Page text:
Given that unemployment seems to have depressed the headship rate in recent years, it is interesting to consider the possible paths of headship and household formation going forward, as the economy continues to recover. In this section, I use the insights from the microdata to construct a relatively simple econometric model of the headship rate and use the model to project headship given the baseline labor market projection from the Congressional Budget Office. I first estimate a panel regression of headship rates, pooling across ages () and years (), on a linear time trend and the lagged unemployment gap ().34 The trend captures the sort of long-run behavioral changes discussed in section 5, while the unemployment gap proxies for a variety of cyclical labor market conditions.35
As discussed above, a careful inspection of the data suggests that both the trend and cyclical pattern differ over the life cycle. In particular, unemployment has a stronger effect on headship among younger adults than among prime-age adults. Consequently, I allow the coefficients on the unemployment gap and the trend to vary by age group, , with the groups defined as 30 or younger and 31 or higher:
Table 9 shows the estimated parameter values from equation 9.37 As suggested by the results above, young adults are quite sensitive to the business cycle, with each percentage point rise in the (aggregate) unemployment gap depressing the headship rate by 0.36 percentage points, relative to trend. By contrast, the headship rate of adults more than 30 years old drops by only 0.08 percentage points. The downward trend in headship has also been much stronger among younger adults.
These estimates, combined with the Census Bureau's population projections from 2012, allow me to predict the headship rate through 2020. I first calculate the fitted values of the headship rate at each age, given the time trend and the predicted unemployment gap from the CBO. I then aggregate the age-specific fitted headship rates using the Census Bureauâ€™s projected population shares as weights, which reintroduces the effects of the aging population.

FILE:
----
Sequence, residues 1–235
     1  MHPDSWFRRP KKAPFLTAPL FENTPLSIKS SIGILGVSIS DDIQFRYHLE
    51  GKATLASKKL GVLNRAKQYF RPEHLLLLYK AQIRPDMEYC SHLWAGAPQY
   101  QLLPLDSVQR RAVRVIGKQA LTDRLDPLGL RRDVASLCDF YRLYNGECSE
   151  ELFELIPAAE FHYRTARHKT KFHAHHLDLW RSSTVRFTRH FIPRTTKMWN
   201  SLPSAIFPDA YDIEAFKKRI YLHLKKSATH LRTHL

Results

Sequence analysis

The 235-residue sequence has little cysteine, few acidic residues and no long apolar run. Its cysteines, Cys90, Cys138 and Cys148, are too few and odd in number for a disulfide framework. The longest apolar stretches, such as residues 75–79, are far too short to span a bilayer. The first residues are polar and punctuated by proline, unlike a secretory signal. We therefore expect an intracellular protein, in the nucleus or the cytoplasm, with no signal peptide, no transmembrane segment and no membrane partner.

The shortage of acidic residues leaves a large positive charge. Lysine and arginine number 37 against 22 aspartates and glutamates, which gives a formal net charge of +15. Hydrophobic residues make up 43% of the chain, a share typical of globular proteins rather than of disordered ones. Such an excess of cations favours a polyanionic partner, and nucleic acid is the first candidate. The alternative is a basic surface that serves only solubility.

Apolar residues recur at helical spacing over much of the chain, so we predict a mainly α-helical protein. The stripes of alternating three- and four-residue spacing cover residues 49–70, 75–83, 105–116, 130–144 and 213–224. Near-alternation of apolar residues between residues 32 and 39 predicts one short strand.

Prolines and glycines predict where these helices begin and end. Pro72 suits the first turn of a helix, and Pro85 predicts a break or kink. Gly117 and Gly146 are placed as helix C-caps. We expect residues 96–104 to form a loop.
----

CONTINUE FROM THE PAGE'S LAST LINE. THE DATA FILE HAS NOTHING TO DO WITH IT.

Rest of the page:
The headship projection depends crucially on the unemployment gap, which, as shown in figure 5, rose to about 4 percentage points in 2010 before declining over the last two years. Despite this decline, the CBO projects that the gap will remain elevated through 2014 before falling back to roughly zero in 2017. Figure 6 plots the aggregate headship rate, the predicted headship rate given the unemployment gap projection, and the predicted headship rate when the unemployment gap is set to zero over the whole horizon. The model fits the data reasonably well, and it clearly demonstrates the important role of the unemployment gap in depressing household formation. Indeed, if the unemployment gap had been zero in 2011--the dotted line--the model predicts that the headship rate would have been more than half a percentage point higher, which translates to an additional 1.5 million households.
The other notable feature of the chart is that, while the headship rate remains below trend for some time, the model implies that it should rise fairly rapidly. This projected recovery follows the small increases in the headship rate realized over the past two years, a feature of the data that the model fits rather nicely. The increase reflects the aging of the population and the (slow) projected decline in the unemployment gap. As the "headship gap" closes, the model implies that household formation should rise above its trend pace, as younger adults begin to move out of their parents' homes, for example.
Given the predicted headship rate, the predicted pace of household formation depends on aggregate population growth. Between the 2000 and 2010 Censuses, the adult U.S. population grew by about 25 million, or 2.5 million per year. The Census Bureau projects that average population growth from 2012 through 2020 will be somewhat slower, about 2.2 million per year. Even if the headship rate were to remain flat at its 2012 level of about 51.5 percent, we would thus expect new household formation of 1.1 to 1.2 million per year, substantially higher than in recent years.38 If the headship rate follows the model projection from figure 6, household formation will be faster, averaging 1.5 to 1.6 million per year from 2013 until 2017, at which point it will slow as the headship rate reaches a level consistent with roughly full employment.